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Digital Archive International History Declassified

November 02, 1963

SUMMARY OF IDEAS EXPRESSED BY THE PRIME MINISTER ZHOU ENLAI

This document was made possible with support from the MacArthur Foundation, Leon Levy Foundation

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    During Edgar Faure's visit to China, Zhou Enlai lays out China's demands for Sino-French normalization.
    "Summary of Ideas Expressed by the Prime Minister Zhou Enlai," November 02, 1963, History and Public Policy Program Digital Archive, Documents diplomatiques Francais 1963. Tome 2, 1 Juillet - 31 Decembre (Paris: Imprimerie Nationale, 2001), 458-459. Translated by Garret Martin. http://digitalarchive.wilsoncenter.org/document/116516
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Summary of Ideas Expressed by the Prime Minister Zhou Enlai

Note. Top Secret

2nd November 1963

I. M. E. Faure expressed, on behalf of General de Gaulle, president of the French Republic, the desire to restore normal diplomatic relations between France and China. The Chinese government welcomes this positive attitude from the French government and confirms that the Chinese government shares this same positive desire to establish and develop relations between China and France.

II. Taking into consideration the complete equality between China and France, and starting from the positive desire to improve relations between China and France, the Chinese government is putting forward a formula that aims to directly establish diplomatic relations between China and France.

1. The government of the French Republic would send an official note to the Chinese government, whereby it would recognize the People’s Republic of China and propose the immediate establishment of diplomatic relations between both countries, as well as the exchange of ambassadors.

2. The Chinese government would reply with a note declaring that, as the sole legal government representing the Chinese people, the government of the People’s Republic of China welcomes the note of the government of the French Republic and that it is ready to immediately establish diplomatic relations between China and France, as well exchange ambassadors.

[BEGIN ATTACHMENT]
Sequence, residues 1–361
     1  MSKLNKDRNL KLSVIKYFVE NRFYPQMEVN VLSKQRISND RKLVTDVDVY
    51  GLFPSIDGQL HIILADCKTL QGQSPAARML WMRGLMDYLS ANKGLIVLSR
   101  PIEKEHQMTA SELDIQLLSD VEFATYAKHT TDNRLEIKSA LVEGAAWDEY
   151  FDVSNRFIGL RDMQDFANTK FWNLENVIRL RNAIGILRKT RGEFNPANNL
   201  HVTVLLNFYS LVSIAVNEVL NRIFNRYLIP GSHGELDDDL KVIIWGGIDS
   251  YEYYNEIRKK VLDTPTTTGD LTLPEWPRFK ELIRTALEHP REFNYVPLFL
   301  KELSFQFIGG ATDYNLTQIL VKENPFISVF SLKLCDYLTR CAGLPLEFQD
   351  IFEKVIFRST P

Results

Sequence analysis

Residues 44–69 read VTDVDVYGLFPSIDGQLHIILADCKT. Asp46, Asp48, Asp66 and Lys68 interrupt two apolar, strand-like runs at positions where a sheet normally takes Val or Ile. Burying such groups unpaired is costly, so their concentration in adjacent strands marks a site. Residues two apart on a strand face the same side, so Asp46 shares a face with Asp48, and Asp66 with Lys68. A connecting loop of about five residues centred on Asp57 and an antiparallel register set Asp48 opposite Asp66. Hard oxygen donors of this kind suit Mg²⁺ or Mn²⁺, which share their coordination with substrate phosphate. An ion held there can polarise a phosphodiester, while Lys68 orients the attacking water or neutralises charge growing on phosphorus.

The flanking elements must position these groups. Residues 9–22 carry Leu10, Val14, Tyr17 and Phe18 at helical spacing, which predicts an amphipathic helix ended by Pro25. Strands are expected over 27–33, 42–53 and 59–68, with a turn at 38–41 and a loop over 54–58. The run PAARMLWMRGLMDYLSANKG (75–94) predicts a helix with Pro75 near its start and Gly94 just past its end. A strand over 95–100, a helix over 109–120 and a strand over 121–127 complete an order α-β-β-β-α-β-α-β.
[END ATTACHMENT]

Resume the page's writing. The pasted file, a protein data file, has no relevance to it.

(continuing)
3. China and France would then agree to publish simultaneously the exchanged notes, and would immediately exchange ambassadors.

III. If the Chinese government put forward the above proposal, it is because the Chinese and French parties (Prime Minister Zhou Enlai and M. E. Faure), basing themselves on the position of General de Gaulle, president of the French Republic, as exposed by M. E. Faure and according to which they do not support the creation of ‘two Chinas’, reached a tacit agreement on the following points:

1. The government of the French Republic will only recognize the government of the People’s Republic of China as the sole legal government representing the Chinese people, which automatically implies that this no longer applies to the alleged ‘Republic of China’ in Taiwan.

2. France will support the rights and the legitimate seat of the People’s Republic of China at the UN, and will no longer support the representation of the alleged ‘Republic of China’ at the UN.

3 .In the case where, following the establishment of diplomatic relations between China and France, the government of the ‘alleged Republic of China’ would recall its ‘diplomatic representative’ and withdraw its presence in France, France, in a similar way, would recall its diplomatic representative and withdraw its presence in Taiwan.